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Acta Paediatr. 2002;91(9):897-902.

Leptin levels in breast-fed and formula-fed infants.

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Dipartimento di Scienze Pediatriche e dell'Adolescenza, Università di Torino, Ospedale Regina Margherita, Italy.



Leptin, a hormone that regulates food intake and energy metabolism, is present in breast milk and thus may be involved in body composition differences between breastfed and formula-fed infants. The aim of this study was to evaluate whether diet and gender affect plasma leptin concentration in breastfed and formula-fed infants during the first months of life.


Anthropometric and bioelectrical impedance measurements [total body water (TBW) calculated with the Fjeld equation] were made and venous blood plasma samples were analysed for leptin concentration in healthy, exclusively breastfed or formula-fed Italian infants in the first year of life. Infants were subdivided in two ways: three groups (periods) in relation to age, and five groups in relation to weight.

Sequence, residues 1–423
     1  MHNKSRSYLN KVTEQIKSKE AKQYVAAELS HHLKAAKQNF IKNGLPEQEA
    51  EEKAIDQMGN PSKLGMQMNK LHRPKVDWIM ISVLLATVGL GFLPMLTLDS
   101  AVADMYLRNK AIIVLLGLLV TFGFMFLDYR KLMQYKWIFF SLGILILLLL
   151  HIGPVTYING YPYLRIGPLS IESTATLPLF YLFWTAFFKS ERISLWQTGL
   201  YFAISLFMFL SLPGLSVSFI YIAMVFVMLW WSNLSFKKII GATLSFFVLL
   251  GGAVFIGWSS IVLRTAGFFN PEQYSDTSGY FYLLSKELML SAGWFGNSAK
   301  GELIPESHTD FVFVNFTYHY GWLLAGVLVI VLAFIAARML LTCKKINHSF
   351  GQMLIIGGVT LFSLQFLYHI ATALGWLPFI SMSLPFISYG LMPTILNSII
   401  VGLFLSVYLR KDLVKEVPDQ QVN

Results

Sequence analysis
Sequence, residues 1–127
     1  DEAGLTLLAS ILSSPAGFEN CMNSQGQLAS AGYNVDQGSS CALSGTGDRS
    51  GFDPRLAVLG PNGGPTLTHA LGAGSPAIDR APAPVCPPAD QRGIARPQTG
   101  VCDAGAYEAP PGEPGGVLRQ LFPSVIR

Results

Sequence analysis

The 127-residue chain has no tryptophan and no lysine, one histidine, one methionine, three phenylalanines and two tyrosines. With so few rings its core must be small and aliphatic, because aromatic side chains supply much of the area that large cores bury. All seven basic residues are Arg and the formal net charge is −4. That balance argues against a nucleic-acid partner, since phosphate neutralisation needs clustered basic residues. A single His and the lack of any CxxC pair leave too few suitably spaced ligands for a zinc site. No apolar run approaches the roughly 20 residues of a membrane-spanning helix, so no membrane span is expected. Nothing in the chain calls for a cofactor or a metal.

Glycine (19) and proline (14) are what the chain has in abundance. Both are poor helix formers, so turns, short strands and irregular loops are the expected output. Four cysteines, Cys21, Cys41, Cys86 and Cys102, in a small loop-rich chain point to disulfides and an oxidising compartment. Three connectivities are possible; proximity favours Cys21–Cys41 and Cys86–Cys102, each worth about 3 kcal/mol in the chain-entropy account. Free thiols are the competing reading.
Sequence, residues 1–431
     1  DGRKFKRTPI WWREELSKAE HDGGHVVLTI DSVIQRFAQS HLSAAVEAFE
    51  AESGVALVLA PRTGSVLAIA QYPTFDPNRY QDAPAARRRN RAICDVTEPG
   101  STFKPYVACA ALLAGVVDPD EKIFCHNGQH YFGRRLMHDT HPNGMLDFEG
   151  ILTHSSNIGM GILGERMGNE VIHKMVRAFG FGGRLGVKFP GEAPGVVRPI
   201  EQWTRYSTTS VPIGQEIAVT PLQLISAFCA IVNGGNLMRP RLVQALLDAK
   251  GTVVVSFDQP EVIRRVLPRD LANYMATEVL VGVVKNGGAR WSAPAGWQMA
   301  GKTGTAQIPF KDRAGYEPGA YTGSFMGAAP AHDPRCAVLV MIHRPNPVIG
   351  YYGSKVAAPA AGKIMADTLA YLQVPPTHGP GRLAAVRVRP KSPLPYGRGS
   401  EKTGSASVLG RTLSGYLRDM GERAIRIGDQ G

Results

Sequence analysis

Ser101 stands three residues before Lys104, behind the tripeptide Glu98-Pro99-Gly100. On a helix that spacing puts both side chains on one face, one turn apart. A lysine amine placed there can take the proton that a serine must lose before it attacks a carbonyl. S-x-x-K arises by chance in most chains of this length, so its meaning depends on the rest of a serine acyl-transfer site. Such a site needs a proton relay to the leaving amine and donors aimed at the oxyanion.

The average serum concentration of leptin was 7.35 ng x ml(-1). Serum leptin values were higher in breastfed than in formula-fed infants. Breastfed infants in group I had a statistically higher serum leptin concentration (2,500-3,749 g). There were no significant differences in anthropometric measurements, body mass index or skinfold thickness between breastfed and formula-fed infants. In the periods I and II, breastfed infants had a significantly higher TBW than formula-fed infants. Males had a significantly higher TBW than females in periods I and II. Breastfed infants in group 2 (3,750-4,999 g) had a significantly higher TBW than formula-fed infants.


The data on TBW, weight and skinfold thickness suggest that the higher leptin concentration observed in breastfed infants in the first months of life may be due not only to adipose tissue production but also to human milk.

[Indexed for MEDLINE]

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